His lyrics are similarly fearless: His critically acclaimed 2015 album Multi-Love dissected the ecstasy and dysfunction of the polyamorous relationship he shared with his wife and another woman for a year. The album’s lead single, “Can’t Keep Checking My Phone,” is an absolute banger about the way we love now, while “Like Acid Rain” is all synth swagger and winking innuendo. Neither song sounds like something pulled from the Zombies’ lost vault, and that just might be what makes UMO so appealing. Tom Murphy

Influential rap star Bun B.EXPAND
Influential rap star Bun B.
Jeremy Perez Photos/CC BY-SA 2.0/via Flickr

Bun B
Friday, July 20
Club Red in Mesa

Catching a performance by influential Grammy-nominated rapper Bun B in such an intimate space as Club Red promises to be a memorable evening pulsing with the energy of early UGK and solo Bun B shows. Bun B rose to fame in the influential rap duo UGK, short for Underground Kingz, formed in ’87 with the late Pimp C. Bun dropped his debut full-length solo album in 2005.

On June 10, Bun B unveiled the cover art for his fifth solo record, Return of the Trill, on his Instagram account, saying the release is slated for August 31. It’s his first full-length release since 2013’s Trill OG: The Epilogue. With AV the Great, Gas House Smitty, DJ JU$TRILL, Masa Lopez, SMiRK, Ismail Kawon, Weight, and Liquor Leezy as openers, expect the show to sell out before doors open. Daniel Rodrigue

Guitar rock guru Jeff Beck.
Guitar rock guru Jeff Beck.
Courtesy of Danny Zelisko Presents

Tim McGraw and Faith Hill
Friday, July 20
Talking Stick Resort Arena

The coupling of Tim McGraw and Faith Hill has been the #RelationshipGoals of the country-music world for 20 years. No, seriously. They’ve lived together and loved together for years, and in 2017, this pair of mega-stars released their first-ever duets album, and they're backing it up with the Soul2Soul World Tour.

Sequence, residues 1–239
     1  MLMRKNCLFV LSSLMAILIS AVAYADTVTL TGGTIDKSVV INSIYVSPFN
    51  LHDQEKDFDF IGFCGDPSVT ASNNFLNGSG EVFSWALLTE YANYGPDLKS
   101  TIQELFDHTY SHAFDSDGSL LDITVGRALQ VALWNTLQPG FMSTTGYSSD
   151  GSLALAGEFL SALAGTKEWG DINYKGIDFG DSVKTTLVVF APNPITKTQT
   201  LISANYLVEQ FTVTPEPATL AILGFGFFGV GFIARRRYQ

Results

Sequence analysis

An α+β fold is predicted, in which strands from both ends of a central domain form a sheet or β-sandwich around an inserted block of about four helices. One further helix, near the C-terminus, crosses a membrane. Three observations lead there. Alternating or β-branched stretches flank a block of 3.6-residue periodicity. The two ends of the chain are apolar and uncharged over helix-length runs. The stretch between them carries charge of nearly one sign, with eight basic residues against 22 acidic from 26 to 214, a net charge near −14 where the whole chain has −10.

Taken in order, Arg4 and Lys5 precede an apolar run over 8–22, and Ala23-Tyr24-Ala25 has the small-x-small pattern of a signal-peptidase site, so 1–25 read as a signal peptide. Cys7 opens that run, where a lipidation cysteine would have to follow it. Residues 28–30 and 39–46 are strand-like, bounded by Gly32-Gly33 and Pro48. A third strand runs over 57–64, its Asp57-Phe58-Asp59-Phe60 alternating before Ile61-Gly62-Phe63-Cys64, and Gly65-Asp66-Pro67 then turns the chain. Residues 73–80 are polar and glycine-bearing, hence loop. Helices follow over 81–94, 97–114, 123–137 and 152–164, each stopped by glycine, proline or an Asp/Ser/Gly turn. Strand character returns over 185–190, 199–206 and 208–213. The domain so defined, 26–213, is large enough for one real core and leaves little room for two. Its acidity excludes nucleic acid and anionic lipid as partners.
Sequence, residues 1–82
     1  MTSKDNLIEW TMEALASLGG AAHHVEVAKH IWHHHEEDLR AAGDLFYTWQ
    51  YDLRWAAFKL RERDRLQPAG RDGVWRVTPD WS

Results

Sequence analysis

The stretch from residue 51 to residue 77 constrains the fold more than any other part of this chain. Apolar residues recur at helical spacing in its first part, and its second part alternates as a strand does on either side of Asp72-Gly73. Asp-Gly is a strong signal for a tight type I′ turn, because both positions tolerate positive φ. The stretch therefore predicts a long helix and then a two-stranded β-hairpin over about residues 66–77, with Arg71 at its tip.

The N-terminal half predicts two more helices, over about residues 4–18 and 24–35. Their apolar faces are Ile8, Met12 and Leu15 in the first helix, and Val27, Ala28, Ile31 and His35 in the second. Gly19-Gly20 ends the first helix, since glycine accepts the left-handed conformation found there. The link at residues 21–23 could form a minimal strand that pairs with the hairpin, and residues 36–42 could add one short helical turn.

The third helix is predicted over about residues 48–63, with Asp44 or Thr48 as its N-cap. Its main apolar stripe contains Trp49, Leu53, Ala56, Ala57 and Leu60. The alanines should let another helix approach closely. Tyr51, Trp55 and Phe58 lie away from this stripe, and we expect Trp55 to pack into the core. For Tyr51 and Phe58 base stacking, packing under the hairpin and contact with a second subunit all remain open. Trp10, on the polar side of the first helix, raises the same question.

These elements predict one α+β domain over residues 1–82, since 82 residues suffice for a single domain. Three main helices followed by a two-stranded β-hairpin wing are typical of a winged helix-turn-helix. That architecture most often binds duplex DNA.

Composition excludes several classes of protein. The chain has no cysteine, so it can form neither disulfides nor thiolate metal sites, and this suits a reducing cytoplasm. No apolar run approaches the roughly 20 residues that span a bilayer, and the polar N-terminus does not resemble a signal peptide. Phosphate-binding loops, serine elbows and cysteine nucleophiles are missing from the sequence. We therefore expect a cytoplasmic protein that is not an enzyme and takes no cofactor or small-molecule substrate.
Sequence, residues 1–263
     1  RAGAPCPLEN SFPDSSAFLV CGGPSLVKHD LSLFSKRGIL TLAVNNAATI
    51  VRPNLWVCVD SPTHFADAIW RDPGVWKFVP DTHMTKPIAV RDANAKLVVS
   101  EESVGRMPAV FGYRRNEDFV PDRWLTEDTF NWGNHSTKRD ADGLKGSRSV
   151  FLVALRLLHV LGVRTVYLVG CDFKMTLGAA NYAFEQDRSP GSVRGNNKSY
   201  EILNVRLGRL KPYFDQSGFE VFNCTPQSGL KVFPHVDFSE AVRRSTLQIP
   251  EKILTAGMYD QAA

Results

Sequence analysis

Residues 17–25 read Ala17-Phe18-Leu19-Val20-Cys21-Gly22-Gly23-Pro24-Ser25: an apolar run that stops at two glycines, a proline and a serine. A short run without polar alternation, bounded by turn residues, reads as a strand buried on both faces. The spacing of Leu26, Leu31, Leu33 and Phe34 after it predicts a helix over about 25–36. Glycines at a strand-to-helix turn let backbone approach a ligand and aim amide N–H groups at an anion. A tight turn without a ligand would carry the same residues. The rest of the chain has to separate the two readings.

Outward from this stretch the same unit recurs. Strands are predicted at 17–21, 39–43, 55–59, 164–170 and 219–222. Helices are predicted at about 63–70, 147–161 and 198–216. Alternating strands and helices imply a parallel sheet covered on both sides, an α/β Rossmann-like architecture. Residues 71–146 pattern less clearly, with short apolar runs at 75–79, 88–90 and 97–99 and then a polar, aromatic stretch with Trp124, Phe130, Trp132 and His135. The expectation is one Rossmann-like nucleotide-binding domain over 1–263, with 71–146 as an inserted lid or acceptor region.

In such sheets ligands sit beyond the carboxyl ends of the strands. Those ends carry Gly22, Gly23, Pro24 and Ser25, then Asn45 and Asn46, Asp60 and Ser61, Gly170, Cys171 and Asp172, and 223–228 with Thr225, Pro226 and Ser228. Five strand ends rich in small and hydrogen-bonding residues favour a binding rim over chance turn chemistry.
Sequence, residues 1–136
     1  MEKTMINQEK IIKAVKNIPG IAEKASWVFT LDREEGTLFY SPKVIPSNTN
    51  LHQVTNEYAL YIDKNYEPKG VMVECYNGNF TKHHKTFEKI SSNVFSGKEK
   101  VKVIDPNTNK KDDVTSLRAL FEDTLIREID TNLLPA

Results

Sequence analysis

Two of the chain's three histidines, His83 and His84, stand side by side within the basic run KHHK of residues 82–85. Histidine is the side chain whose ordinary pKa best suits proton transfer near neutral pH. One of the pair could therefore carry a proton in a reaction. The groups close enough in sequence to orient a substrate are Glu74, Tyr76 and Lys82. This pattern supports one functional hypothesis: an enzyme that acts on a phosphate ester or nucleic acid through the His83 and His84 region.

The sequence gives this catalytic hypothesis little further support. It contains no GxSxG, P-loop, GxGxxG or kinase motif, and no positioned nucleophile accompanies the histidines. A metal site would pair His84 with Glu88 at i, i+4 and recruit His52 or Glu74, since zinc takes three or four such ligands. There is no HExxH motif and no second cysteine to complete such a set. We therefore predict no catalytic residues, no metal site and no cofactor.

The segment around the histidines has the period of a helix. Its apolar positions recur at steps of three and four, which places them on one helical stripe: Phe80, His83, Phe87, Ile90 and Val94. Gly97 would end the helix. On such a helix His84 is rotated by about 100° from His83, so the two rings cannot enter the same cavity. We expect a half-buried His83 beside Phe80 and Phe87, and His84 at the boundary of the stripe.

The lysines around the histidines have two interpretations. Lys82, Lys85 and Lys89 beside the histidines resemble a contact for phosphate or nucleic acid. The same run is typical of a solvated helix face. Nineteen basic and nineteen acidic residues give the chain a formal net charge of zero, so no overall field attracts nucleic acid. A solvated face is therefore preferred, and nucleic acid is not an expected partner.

The country prom king and queen, who have collectively sold a bajillion records, will be at the Gila River Arena in Glendale this weekend for an evening of country-pop and crooning. Cowboy hats and Wranglers are optional. Tom Murphy

Jeff Beck
Saturday, July 21
Celebrity Theatre

There is no shortage of articles or opinions lauding the superb guitar playing skills of Jeff Beck. And deservedly so: He's part of what one might call the Divine Three (along with fellow guitar gods Jimmy Page and Eric Clapton). But Beck is the lone member of that league who never quite grasped the gold ring of wide commercial adoration.

After leaving an indelible mark on '60s British Invasion psychedelic rock with The Yardbirds on fuzz-addled songs like "Over Under Sideways Down," Beck set up shop as the solo artist he remains to this day. Tiring of vocal-driven rock songs (and probably vocalists, having unleashed Rod Stewart on the world), Beck set aside rock for jazz fusion and instrumental rock, the field he still plows today. Doug Davis

Christopher Cross
Saturday, July 21
Talking Stick Resort in Scottsdale

What was with all the flamingo imagery on Christopher Cross's albums, and just what the hell was between the moon and New York City that made us want to fall in love? The San Antonio native (and tight bro with Michael McDonald) was one of the 1980s' greatest soft-rock success stories, but was undone by the increasingly image-hungry landscape that came with the rise of MTV. Cross was a bigger guy, sort of a cross between Meat Loaf and the Minutemen's D. Boon, with the voice of an angel.